In downtown Albion along the north branch of the Kalamazoo River at Reiger Park is a Michigan historical marker telling the story of the first Mother’s Day in Michigan. I visited the park in late fall and I have been waiting until the right day for this post. I am sure you can figure out why I waited until now to post this.
The marker reads:
On May 13, 1877, the second Sunday of the month, Juliet Calhoun Blakeley stepped into the pulpit of the Methodist Episcopal Church and completed the sermon for the Reverend Myron Daugherty. According to legend, Daugherty was distraught because an anti-temperance group had forced his son to spend the night in a saloon. Proud of their mother’s achievement Charles and Moses Blakeley encouraged others to pay tribute to their mothers. In the 1880s the Albion Methodist church began celebrating Mother’s Day in Blakeley’s honor.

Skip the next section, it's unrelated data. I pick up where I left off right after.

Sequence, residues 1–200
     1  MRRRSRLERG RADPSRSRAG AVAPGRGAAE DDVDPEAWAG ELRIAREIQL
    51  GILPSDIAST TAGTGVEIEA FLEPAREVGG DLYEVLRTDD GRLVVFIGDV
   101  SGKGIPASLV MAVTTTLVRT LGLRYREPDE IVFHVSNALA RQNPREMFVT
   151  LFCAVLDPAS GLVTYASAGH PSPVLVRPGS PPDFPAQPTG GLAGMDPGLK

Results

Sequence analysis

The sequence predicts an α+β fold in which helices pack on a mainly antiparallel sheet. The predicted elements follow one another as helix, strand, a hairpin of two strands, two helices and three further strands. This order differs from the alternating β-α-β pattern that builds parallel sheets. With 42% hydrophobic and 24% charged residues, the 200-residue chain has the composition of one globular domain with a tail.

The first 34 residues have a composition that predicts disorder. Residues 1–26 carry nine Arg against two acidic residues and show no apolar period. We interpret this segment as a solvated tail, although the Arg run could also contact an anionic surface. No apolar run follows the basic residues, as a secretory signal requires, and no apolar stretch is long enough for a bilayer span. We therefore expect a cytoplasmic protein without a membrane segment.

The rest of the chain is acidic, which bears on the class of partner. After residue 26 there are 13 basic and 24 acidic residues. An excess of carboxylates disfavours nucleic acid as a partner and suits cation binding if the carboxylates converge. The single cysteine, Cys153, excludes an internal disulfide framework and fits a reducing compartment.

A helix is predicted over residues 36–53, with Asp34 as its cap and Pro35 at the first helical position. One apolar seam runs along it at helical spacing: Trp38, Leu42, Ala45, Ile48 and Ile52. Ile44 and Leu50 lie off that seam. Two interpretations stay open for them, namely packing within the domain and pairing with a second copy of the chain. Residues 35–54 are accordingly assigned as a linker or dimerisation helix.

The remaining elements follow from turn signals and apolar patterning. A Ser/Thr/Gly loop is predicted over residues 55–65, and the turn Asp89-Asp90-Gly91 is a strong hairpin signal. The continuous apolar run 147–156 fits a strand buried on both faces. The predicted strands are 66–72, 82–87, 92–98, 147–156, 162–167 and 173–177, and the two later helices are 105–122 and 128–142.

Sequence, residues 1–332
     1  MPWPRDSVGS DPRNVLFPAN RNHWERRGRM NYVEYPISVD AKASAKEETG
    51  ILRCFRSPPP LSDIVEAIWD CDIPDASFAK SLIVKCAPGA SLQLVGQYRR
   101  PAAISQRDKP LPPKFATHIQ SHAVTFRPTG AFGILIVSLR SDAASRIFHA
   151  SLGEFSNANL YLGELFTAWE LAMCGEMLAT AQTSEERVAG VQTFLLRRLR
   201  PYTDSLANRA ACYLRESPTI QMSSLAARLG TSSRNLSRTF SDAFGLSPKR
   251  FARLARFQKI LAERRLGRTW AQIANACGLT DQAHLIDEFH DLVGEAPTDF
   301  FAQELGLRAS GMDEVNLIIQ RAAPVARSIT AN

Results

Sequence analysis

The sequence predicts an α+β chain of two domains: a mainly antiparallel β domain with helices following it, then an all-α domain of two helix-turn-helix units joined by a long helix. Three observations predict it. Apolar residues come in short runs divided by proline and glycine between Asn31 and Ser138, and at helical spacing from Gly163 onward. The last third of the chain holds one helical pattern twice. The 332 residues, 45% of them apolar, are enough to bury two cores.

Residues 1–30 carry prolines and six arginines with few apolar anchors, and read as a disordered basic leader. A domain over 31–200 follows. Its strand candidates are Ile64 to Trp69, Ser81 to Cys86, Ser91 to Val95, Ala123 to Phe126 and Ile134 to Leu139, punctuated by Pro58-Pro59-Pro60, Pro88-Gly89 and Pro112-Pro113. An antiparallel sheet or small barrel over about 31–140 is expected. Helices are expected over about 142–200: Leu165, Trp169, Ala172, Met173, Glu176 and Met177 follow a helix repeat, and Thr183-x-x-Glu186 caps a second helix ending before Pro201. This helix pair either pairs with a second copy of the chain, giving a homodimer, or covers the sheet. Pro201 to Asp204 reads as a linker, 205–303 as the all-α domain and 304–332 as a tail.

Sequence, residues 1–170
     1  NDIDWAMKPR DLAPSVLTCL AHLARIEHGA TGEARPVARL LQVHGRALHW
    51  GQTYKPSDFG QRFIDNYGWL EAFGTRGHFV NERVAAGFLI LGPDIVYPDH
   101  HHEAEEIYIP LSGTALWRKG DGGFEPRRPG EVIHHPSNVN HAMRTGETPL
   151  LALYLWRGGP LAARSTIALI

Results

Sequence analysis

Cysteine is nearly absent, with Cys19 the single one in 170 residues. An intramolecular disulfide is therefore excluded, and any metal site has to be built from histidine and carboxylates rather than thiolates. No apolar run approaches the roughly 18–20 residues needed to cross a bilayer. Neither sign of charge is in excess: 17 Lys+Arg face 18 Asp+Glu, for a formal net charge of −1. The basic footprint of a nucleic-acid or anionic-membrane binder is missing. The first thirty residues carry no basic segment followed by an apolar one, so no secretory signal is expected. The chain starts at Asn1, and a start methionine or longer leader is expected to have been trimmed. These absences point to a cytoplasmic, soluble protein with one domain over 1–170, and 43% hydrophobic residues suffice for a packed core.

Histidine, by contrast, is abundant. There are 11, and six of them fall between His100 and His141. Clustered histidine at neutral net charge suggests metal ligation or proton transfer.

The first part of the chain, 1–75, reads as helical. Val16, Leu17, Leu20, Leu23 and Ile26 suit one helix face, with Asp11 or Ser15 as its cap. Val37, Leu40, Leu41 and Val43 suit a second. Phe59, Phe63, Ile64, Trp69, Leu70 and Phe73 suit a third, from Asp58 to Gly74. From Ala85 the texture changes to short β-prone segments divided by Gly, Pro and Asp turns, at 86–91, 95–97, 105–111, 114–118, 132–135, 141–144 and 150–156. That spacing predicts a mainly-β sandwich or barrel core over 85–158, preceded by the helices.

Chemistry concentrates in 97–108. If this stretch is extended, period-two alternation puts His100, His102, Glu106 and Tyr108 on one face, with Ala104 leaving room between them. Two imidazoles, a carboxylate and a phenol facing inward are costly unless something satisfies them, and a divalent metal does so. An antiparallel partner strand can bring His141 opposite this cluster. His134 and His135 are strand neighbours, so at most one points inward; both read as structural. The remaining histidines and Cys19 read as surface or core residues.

The official observance of Mother’s Day resulted from the efforts of Anna Jarvis of Philadelphia. In 1868 her mother had organized a Mother’s Friendship Day in a West Virginia town to unite Confederate and Union families after the Civil War. Anna Reeves Jarvis died on the second Sunday in May 1905. In 1907 her daughter began promoting the second Sunday in May as a holiday to honor mothers. Following an act of Congress in 1914, President Woodrow Wilson proclaimed the second Sunday in May Mother’s Day.
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